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Maryland Governor Sends State Troopers As Protests Grow In Baltimore

Marchers gather at the Baltimore Police Department's Western District police station during a march for Freddie Gray on Wednesday in Baltimore.

Maryland's governor has ordered state troopers to Baltimore as protests over the death of Freddie Gray have grown.

"There's raw emotions. People legitimately have concerns, and the community is out in force protesting," Gov. Larry Hogan said, according to the Capital Gazette. "I want to thank the folks involved in that. So far it has been peaceful. We want to try to keep things under control. The last thing we need is more violence in Baltimore City."

Baltimore has been the scene of protests since Saturday, with demonstrators demanding justice for Gray, a black man who suffered a deadly injury to his spine after being arrested by police.

USA Today reports:

"A target of protests has been six officers suspended with pay for their involvement in Gray's arrest. The protests have been mostly peaceful, but began to heat up after police union president Gene Ryan expressed concern that the crowds might turn into a 'lynch mob.'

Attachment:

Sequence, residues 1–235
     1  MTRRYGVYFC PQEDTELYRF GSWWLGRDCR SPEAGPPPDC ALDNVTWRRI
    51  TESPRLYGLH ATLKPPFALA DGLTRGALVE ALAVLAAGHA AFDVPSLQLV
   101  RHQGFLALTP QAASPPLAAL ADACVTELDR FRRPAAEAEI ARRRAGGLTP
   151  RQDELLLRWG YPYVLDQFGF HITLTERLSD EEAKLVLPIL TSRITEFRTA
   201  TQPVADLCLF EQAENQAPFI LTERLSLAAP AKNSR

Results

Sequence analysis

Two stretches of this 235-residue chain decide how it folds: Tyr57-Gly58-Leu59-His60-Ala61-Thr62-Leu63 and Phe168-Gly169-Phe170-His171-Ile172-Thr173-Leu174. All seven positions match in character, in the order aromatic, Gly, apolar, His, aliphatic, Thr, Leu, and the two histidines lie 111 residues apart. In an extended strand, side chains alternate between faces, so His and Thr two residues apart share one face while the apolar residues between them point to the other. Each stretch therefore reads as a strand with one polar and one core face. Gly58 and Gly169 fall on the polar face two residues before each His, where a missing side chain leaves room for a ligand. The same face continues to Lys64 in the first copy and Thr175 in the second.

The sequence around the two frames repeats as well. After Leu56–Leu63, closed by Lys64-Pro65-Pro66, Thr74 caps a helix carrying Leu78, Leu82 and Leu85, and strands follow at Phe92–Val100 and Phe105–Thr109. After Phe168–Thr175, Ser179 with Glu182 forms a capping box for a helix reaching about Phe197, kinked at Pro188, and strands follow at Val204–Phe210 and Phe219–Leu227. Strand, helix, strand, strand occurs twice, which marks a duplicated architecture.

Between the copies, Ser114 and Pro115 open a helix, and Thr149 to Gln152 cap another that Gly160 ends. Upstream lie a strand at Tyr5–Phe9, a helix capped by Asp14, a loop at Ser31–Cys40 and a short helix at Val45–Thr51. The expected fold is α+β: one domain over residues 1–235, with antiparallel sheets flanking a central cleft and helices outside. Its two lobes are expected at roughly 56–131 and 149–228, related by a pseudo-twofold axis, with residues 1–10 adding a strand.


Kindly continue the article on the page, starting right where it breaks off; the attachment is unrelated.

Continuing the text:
"'They are calling for the immediate imprisonment of these officers without them ever receiving the due process that is the constitutional right of every citizen, including law enforcement officers,' Ryan said in the statement.

"The Baptist Minister's Conference countered with a statement saying protesters 'are not a lynch mob. We are citizens concerned about our community.' "

According to The Baltimore Sun, protesters on Thursday chanted, "No justice, no peace."

The Sun spoke to civil rights leader the Rev. Jesse Jackson, who asked protesters to keep demonstrations peaceful.

By late afternoon, the protests were peaceful, though television images showed one scuffle between police and a group of protesters.

Copyright 2015 NPR. To see more, visit http://www.npr.org/.

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